November 6, 2013 by
Widely considered a soft-launch, with little fanfare or specific information, Google continues its evolving strategy to return more relevant search results to a user query. Below is a distillation of Google’s Hummingbird update.
What is Hummingbird?
Hummingbird rolled out in early fall (a month prior to the announcement). It is believed to be an attempt to further define the user’s intent when a word or phrase is entered (or spoken) into the search box. Hummingbird looks at the “intent” of the query rather than the meaning of the specific word(s) used in the query. One could say it is much ado about synonyms.
Google said that Hummingbird is paying more attention to each word in a query, ensuring that the whole query — the whole sentence or conversation or meaning — is taken into account, rather than particular words.
Let’s use “Best chocolate chips cookies downtown” as our query example. Where as prior to the Hummingbird update Google would most likely return the literal results in the form of the best ranked pages having to do with chocolate chip cookies. With Hummingbird, Google hopes to define the user’s intent and provide the appropriate results. The results will probably be a selection of 5-star rated purveyors of cookies in downtown [your location here].
We can break down the query and attempt to see how Google has determined the user’s intent:
- “Best” equates to ratings that Google picks up from Google+, Yelp or other social engagement channels. Google displays some webpages with appropriate ratings (Yelp!)
- “Chocolate chip cookies” equates to a bakery of sorts, maybe a coffee house
- “Downtown” would prompt Google to use location services, if on a mobile, or an IP address to locate your local “downtown” area. Google interprets where you are
The Results are In!
Previous to this update, Google relied heavily on keywords included in your website and back-links returning to one of your webpages. In a sense, Google relied on you to tell them what the page was about AND what pages to return to the user’s query. Now Google is attempting to determine what the users really wants OR better yet, what results will best satisfy the user’s INTENT. If you have a webpage about chocolate chip cookies AND this page has some relevant external links coming back as well as some social mentions AND your website has a five star rating AND your business resides in the location where the query was placed…BINGO!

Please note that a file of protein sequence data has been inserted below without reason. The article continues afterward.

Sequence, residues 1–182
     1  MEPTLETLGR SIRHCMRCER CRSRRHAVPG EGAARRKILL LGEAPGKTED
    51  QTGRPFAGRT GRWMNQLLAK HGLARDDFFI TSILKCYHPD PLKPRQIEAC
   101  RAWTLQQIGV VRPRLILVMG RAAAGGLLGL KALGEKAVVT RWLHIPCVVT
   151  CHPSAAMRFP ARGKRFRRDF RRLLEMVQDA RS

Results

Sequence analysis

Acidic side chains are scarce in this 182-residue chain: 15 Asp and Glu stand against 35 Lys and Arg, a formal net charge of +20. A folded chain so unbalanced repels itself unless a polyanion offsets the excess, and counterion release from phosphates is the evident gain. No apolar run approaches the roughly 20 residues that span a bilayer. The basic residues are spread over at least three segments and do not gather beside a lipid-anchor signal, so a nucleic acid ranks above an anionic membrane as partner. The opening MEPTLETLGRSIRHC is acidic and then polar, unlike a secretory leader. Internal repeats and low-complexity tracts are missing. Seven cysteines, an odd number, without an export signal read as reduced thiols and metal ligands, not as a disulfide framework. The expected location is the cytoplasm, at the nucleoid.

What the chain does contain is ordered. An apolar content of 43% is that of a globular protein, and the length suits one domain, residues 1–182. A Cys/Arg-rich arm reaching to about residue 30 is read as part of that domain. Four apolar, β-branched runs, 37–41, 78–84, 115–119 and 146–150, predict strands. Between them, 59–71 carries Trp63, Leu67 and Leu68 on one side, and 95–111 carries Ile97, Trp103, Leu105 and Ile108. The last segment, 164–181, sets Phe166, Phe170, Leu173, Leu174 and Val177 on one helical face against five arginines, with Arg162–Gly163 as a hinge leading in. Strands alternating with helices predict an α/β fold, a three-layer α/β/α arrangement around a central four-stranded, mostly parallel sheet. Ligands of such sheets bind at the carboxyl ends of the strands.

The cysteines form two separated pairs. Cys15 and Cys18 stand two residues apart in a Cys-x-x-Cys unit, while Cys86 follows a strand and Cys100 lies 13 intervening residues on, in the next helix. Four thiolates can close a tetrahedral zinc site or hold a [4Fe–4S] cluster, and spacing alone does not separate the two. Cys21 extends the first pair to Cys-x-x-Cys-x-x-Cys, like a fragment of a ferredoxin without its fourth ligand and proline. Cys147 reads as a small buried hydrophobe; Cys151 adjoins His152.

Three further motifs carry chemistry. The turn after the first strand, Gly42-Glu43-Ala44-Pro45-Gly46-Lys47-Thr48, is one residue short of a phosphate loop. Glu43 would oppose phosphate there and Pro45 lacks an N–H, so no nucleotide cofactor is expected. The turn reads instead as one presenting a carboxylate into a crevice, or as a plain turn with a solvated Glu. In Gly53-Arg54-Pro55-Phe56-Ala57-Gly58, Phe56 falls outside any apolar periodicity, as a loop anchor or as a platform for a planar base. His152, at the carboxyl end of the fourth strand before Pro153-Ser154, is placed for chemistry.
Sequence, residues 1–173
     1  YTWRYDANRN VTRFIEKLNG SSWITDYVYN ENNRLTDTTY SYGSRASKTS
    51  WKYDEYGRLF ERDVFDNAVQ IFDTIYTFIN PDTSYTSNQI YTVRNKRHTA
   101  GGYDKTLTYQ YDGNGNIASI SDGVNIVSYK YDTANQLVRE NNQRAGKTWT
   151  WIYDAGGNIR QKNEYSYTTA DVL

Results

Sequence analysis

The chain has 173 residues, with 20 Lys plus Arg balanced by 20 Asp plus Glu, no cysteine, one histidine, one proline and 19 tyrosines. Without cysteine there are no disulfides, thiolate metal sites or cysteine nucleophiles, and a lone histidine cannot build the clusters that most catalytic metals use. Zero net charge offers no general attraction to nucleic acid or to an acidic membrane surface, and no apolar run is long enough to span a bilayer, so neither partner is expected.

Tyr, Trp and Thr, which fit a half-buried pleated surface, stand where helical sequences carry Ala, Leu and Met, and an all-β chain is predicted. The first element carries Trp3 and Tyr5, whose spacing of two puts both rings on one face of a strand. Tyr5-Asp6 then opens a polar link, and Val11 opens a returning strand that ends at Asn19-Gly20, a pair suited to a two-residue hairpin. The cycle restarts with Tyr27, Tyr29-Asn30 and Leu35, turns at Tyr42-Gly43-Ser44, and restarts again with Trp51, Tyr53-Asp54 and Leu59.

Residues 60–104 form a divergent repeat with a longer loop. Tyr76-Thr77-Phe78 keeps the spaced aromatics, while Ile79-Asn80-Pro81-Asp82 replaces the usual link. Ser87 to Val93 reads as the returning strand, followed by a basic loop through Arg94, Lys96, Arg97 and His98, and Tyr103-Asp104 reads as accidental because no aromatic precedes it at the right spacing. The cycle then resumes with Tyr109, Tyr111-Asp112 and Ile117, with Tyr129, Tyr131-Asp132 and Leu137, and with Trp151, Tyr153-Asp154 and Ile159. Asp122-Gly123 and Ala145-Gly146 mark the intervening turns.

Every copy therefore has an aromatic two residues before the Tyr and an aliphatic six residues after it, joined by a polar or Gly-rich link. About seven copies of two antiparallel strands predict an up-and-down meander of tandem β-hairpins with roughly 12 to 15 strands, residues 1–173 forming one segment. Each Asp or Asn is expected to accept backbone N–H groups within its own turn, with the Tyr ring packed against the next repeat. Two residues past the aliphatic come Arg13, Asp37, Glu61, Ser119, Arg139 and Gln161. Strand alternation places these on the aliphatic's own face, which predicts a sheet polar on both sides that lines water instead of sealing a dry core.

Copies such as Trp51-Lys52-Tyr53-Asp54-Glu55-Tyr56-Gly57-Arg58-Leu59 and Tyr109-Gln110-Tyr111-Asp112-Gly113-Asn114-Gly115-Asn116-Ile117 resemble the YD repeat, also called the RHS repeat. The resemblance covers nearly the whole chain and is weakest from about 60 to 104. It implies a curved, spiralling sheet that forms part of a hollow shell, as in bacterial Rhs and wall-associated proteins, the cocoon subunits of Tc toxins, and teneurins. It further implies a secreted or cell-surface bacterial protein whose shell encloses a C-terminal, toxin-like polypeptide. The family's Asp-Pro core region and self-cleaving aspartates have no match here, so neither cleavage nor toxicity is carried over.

What you will likely see is that Google returns a variety of result types. Perhaps a few Yelp pages, maybe some news articles and then some webpages. This will be helpful for the user who made the query but frustrating to businesses who compete to be in the top 10 or even top 3 on page one. With more of a variety in query results, the less room on page one for your business.
Will This Affect my Current Page Ranking or SEO Strategy?
What’s the bottom line? If your SEO strategy has been resting on the laurels of keywords alone you will probably notice a drop in your SERP. If your back-link strategy has been pulling in low quality links (or no links), this strategy too will begin to fail. Social media engagement could provide a lifeline here if you are active with social engagement.
If you are actively publishing quality and relevant content to your site and have been engaging in appropriate social channels you should see little change in SERP…but keep at it as you are on the right track!
…if a page is not considered authoritative (thanks to external links and mentions), it most likely will not have enough strength for ranking well, especially now that long-tail queries are simplified by Hummingbird.”
You will read time and time again on this web design blog; Fresh, informative and engaging content distributed across multiple channels…frequently. It is my belief and experience that this strategy will fair very well with most, if not all changes to search systems algorithms. This strategy will engage engage your users and search systems. SEO is as much now about on-page optimization as it is building social relevance. Building a reputation around your site content…for both users and Hummingbirds. Need help relating Hummingbird to your SEO strategy and assessing how it could affect your business? Give me a call at [phone text only] and let’s get to work!.
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